Title Page Computer Assisted Reporting Elena Egawhary
CAR – What is it? <ul><li>Spreadsheets and Databases </li></ul><ul><li>Brief History </li></ul><ul><li>A source like any other </li></ul><ul><li>One of many tools used by journalists </li></ul><ul><li>A way of evening out the playing field with other organisations (Government, corporations…etc) </li></ul><ul><li>“ The journalist who begins a story with the knowledge of the patterns gleaned from 150,000 court records is way ahead of the reporter who sees only a handful of cases each week.” </li></ul>
The Times The Times Data: Obtained via a Freedom of Information Request sent to all UK police forces. The request asked for disclosure of all legal claims filed against each police force for misconduct and whether the claims went to court or were settled Published: 3 rd December 2007 Findings: Heather Brooke, Frances Gibb, Sean O’Neill and James Ball found that the total amount spent by the police force on claims for damages or compensation was £44m. It also became apparent that 76% of all claims against the police were settled out of court, to avoid adverse publicity or because the police force did not feel that they would succeed in court. The Times was also able to produce a league table of police forces based on the number of claims for misconduct.
The Guardian The Guardian Data: The register of gifts and hospitality for the Energy Development Unit (EDU) at the Department for Business Enterprise and Regulatory Reform (BERR) was obtained via a Freedom of Information Request. Published: 6 th July 2007 Findings: Elena Egawhary copied the register into Excel and analysed it. She found that Jim Campbell, head of the EDU, the section in BERR in charge of regulating the energy industry, had accepted lavish gifts from multinational oil corporations on a weekly basis. She also found that the rest of the department had also been accepting expensive gifts and hospitality on a regular basis.
Extraordinary Rendition MULTIPLE MEDIA OUTLETS Data: Flight records compiled by plane spotters Published: Ongoing Findings: This is the highest profile CAR project undertaken by a British journalist to date. Stephen Grey put data obtained from plane spotters into an Excel spreadsheet and then used sophisticated mapping software to plot the course of the planes and discover where people were being rendered by the CIA.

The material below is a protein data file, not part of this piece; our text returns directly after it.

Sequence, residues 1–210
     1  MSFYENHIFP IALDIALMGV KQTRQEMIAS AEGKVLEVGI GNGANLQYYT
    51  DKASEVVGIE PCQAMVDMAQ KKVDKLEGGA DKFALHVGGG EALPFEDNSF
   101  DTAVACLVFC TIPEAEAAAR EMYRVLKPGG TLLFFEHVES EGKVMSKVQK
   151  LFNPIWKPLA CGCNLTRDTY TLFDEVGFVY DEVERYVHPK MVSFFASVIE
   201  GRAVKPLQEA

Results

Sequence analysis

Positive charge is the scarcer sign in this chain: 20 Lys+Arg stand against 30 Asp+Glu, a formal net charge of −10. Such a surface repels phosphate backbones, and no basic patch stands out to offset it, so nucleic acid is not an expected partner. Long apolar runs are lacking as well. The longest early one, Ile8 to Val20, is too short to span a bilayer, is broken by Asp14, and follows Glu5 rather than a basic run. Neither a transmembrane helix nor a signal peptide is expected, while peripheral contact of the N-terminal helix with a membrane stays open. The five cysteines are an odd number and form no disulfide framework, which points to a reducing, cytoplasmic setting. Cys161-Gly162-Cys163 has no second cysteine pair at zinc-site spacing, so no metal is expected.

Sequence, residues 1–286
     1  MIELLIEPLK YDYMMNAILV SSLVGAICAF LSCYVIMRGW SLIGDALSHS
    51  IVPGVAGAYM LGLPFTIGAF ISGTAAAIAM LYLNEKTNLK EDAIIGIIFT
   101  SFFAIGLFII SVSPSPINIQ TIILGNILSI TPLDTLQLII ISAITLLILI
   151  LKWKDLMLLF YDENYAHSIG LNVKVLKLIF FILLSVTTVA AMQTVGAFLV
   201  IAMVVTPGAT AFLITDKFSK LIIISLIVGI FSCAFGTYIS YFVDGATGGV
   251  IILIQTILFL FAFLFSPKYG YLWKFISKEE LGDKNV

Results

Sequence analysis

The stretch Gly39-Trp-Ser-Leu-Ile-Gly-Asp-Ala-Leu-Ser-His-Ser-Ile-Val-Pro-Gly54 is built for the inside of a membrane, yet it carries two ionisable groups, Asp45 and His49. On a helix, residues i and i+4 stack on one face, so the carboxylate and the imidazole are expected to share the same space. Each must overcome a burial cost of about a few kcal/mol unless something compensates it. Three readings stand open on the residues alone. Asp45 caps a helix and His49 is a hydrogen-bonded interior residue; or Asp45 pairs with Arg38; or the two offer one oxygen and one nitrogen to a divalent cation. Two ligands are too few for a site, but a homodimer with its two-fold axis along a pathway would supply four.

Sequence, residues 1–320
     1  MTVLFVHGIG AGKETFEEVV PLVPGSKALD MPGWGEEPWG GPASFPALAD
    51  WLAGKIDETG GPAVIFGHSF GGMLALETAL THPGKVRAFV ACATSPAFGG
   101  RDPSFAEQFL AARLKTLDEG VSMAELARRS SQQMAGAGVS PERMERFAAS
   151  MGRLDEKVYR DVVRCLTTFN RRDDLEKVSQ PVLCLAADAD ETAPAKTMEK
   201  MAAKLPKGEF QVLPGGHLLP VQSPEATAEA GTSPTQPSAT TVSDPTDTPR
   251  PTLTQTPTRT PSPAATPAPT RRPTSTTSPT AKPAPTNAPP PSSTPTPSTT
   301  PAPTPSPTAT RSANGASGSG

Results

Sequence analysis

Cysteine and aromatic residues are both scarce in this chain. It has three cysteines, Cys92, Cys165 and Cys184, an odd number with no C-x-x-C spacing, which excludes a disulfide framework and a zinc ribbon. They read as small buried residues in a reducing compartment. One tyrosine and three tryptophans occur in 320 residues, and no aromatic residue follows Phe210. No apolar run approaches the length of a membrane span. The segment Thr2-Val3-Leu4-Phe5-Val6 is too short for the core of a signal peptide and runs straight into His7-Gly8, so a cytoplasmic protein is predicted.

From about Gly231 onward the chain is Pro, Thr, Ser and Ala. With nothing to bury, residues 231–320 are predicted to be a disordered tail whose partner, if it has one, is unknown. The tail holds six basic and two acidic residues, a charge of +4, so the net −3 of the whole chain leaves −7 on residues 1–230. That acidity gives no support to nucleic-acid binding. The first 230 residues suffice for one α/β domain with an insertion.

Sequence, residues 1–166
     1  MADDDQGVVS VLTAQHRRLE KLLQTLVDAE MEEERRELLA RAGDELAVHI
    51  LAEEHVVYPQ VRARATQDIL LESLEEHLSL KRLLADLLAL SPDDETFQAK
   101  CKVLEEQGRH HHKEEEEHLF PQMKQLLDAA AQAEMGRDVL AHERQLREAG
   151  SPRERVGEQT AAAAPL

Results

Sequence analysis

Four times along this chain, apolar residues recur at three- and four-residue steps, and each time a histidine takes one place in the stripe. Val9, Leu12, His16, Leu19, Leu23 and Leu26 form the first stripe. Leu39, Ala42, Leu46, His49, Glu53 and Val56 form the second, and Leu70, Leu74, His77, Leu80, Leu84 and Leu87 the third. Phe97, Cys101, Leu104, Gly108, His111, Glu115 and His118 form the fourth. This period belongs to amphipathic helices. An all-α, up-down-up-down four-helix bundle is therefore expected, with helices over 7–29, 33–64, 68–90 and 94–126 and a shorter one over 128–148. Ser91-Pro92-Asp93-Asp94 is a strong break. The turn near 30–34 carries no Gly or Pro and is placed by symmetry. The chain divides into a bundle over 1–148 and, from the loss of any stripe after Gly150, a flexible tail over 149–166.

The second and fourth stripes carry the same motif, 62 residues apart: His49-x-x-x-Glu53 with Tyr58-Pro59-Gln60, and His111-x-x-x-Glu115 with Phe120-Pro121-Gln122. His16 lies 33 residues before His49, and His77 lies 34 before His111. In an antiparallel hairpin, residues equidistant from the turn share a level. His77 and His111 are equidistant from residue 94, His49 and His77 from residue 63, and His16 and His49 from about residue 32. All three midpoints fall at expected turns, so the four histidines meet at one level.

British Data – Where is it? British Data – Where is it?
Electoral Commission Example Electoral Commission Example
Copy and Paste to Excel Copy from the web and paste to Excel
Analysis-sorting Analysis A very simple data sort will help you find out what was the largest donation made by an individual to an MP since 2001…..
Analysis-filtering We can also find out who donated to MP’s one month before the Labour party deputy leadership election campaign by doing a simple filter….
Pivot Table Number Crunching By creating a pivot table you can ‘interview’ your data in a more comprehensive way. Here are a few questions to get us started…. Which MP attracts the most donations? (who is more popular?) Which MP makes the highest amount of money from donations? Which party makes the most money? Which party has the highest number of donations? Which type of donor gives the most money? Who were the top 15 donors in terms of amount? Which donor made the highest number of donations?
Snapshots of CAR in the US Snapshots of CAR in the US Future Possibilities
CBS News CBS News Data: State suicide data, based on death records, for veterans and non-veterans, dating back to 1995. Findings: A five-month investigation by CBS News uncovered a startling suicide rate for veterans. Neither the Department of Defense nor the Department of Veterans Affairs keep accurate numbers on veteran suicide rates. CBS News requested suicide data from all 50 states, and 45 states provided the information. In 2005, "there were at least 6,256 suicides among those who served in the armed forces. That's 120 each and every week, in just one year." Among veterans 20 to 24 years of age, the suicide rate was two to four times greater than non-veterans of the same age.
The Wall Street Journal The Wall Street Journal Data: SEC and other financial data Findings: The Wall Street Journal "Perfect Payday," a series of articles over the year that exposed the widespread practice of secretly backdating stock option grants to benefit corporate insiders. Lead writers Charles Forelle and James Bandler used a statistical model to calculate the wildly improbable odds that options grant dates would just happen to be so profitable to dozens of executives at some of the nation’s best-known companies. Their stories about the scandal spurred an ongoing federal investigation into rigged options at more than 100 companies. Pulitzer Prize
Atlanta Journal-Constitution Atlanta Journal-Constitution Data: AJC-built database of Georgia Supreme Court decisions since 1982 Findings: Citing arbitrary and unfair practices in Georgia, the U.S. Supreme Court disbanded the death penalty nationwide thirty-five years ago. The death penalty was ultimately reinstated with promises of reform but The Atlanta Journal-Constitution says application of the death penalty remains “as predictable as a lightning strike.” Reporters Bill Rankin, Heather Vogell, Sonji Jacobs and Megan Clarke spent two years investigating the reasons for the inconsistencies. They analyzed this data with multiple regression and prompted the Legislature to consider changes in the capital punishment laws.
Centre for Investigative Journalism Summer School www.tcij.org